If you have negative items on your credit report, especially items like an eviction, foreclosure, bankruptcy, late payments and more it can be very difficult to get approved for a housing rental. In addition to second chance apartment communities if you’re interested in finding private owners of homes, condos, and apartments who may be willing to give you a second change here are a few tips in approaching them about your situation:
First and foremost, renting with bad credit is still possible, you just need to know what you’re up against. Renters with poor credit history just need to know how to work with their past.
When you find a great rental, it’s natural to worry that the owner won’t accept you and your bad credit, but hiding your financial past will work against you. If you wait until after the credit check and your credit is questioned, then you may be perceived as trying to cover up something. Always be upfront and honest about your credit situation. Again, Be honest with your potential landlord. Explain your situation and how you are working to change it. A landlord may be willing to work with you if you can persuade them that your financial troubles are behind you.
Just telling the landlord that you have your finances under control may not be enough to make your case. Give the landlord as much documentation as possible to prove you’re on a new path. References are great and often can compensate for certain issues of bad credit. You can also provide other documentation, such as a record of on-time rental payments from your previous property management or landlord.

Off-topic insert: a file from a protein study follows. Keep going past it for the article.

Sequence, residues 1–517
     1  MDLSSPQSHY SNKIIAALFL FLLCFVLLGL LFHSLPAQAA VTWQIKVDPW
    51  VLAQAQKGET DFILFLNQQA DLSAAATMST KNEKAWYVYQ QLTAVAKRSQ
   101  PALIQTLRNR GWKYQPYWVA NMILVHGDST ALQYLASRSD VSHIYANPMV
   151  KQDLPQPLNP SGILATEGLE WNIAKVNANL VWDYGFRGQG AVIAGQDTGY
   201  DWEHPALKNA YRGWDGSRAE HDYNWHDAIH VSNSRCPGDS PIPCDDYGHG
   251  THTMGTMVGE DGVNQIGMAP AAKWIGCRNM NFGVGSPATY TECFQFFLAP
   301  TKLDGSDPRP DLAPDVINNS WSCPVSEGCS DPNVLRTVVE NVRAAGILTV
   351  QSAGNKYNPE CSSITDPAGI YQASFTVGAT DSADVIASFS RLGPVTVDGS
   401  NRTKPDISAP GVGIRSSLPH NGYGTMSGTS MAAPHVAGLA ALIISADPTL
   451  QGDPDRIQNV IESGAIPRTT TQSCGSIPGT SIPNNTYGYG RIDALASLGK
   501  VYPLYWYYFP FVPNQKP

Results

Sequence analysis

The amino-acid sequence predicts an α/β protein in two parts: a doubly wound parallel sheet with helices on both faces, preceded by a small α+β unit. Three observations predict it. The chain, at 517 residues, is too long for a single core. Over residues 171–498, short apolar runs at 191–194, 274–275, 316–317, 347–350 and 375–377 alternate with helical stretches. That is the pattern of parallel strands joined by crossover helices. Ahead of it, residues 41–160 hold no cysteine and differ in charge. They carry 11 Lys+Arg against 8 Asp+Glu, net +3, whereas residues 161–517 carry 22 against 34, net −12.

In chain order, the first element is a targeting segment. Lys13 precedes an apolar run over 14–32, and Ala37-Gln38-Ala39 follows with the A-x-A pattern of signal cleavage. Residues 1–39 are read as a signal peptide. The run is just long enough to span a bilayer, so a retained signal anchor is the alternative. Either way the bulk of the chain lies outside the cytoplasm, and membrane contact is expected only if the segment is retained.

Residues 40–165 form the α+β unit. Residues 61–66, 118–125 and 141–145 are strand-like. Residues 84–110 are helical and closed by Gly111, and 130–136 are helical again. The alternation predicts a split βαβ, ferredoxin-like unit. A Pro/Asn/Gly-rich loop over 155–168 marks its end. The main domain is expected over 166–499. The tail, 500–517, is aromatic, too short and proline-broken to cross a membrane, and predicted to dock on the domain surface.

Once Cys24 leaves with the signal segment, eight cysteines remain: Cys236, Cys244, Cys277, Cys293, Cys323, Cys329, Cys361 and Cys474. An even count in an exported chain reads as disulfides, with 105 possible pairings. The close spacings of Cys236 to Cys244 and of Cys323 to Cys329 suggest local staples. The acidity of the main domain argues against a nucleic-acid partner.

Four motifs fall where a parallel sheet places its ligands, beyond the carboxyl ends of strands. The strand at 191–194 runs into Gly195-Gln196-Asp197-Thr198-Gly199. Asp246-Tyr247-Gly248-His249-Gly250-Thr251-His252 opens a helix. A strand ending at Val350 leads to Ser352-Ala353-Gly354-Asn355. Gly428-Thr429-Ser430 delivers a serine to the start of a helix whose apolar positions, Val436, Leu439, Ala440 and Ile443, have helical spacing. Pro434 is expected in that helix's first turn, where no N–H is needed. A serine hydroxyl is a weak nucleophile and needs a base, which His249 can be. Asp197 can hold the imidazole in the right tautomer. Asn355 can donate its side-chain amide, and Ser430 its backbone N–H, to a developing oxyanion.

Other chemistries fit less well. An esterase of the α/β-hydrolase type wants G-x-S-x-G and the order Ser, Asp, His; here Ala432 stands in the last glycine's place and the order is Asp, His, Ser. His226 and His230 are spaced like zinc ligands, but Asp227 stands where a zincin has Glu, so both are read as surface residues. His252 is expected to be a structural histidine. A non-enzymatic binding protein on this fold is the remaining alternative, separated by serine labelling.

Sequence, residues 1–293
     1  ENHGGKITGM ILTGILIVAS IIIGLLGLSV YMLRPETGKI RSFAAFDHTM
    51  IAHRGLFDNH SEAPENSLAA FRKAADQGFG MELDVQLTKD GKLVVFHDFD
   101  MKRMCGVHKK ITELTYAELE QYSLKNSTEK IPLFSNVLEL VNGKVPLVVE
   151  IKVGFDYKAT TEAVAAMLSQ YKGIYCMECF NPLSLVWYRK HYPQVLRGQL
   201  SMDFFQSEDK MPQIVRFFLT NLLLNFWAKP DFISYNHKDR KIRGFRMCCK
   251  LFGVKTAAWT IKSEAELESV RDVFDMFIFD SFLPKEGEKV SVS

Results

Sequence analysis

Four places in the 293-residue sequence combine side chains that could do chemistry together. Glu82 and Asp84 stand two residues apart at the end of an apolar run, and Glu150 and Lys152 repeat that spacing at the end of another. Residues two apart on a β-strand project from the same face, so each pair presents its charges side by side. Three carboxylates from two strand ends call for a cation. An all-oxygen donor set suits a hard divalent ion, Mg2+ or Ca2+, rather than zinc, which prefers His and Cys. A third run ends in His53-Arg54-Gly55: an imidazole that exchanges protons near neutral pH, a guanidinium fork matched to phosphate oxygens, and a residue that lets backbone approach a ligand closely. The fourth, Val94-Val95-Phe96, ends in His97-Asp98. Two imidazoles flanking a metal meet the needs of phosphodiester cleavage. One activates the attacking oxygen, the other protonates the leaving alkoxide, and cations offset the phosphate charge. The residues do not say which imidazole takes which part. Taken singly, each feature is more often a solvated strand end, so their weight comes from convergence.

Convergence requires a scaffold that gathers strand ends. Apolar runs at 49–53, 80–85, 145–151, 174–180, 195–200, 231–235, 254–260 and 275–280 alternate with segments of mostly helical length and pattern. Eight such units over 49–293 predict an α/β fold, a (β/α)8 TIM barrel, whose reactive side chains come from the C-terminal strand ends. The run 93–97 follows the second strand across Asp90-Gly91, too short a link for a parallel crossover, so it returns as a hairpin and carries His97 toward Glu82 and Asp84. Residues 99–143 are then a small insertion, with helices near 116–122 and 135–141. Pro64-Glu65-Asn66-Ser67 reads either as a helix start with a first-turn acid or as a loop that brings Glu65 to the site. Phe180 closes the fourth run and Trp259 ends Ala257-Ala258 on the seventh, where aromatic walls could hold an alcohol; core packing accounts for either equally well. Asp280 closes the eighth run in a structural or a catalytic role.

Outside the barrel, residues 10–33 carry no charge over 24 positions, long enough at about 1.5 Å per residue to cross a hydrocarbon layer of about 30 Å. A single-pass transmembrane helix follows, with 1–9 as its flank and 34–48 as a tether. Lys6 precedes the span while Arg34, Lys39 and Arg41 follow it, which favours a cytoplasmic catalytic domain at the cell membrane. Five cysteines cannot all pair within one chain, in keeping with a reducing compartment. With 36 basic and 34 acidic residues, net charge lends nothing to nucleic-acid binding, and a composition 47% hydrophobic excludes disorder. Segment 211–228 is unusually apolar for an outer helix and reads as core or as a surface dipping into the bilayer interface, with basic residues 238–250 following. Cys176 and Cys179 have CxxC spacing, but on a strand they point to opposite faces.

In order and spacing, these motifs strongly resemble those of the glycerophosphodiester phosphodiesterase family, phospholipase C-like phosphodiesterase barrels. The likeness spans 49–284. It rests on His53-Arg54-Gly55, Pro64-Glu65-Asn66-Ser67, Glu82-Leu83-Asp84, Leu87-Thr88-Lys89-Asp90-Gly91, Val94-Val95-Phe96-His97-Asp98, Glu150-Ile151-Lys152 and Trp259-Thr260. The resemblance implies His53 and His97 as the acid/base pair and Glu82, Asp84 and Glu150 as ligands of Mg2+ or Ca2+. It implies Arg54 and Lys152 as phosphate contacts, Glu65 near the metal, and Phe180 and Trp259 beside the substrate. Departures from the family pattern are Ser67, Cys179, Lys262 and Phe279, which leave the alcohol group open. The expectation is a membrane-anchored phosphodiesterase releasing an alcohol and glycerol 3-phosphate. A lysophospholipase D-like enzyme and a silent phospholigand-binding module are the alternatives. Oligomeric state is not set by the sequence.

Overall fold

Ask for help, if necessary.
If you’re having trouble qualifying for a rental on your own, a friend or family member may be able to help you. Most landlords are willing to accept co-signers for tenants with poor credit. However, be sure you know what kind of relationship you will be getting into with the co-signer before you ask them for assistance. A co-signer goes on the lease with you, and while they won’t live in your rental, they will be responsible for paying your lease if you default. If you aren’t sure you can pay the rent on time each month, you may put your co-signer at risk to be in the same boat as you.
Compromise, and negotiate!
When you find a rental you love, try not to ask for any special concessions. Many prospective renters make the mistake of asking if the security deposit can be divided into payments over the first few months of the lease, or if the rent could be lowered. Considering that the landlord may have already been on the fence about accepting your application, asking for special circumstances may make them decide you’re too much of a risk. Remember, the landlord has all the leverage. It is the owner of the property who must consider the risk versus the reward. In fact, it may be a good idea to offer to pay more on the security deposit to show the landlord you mean business.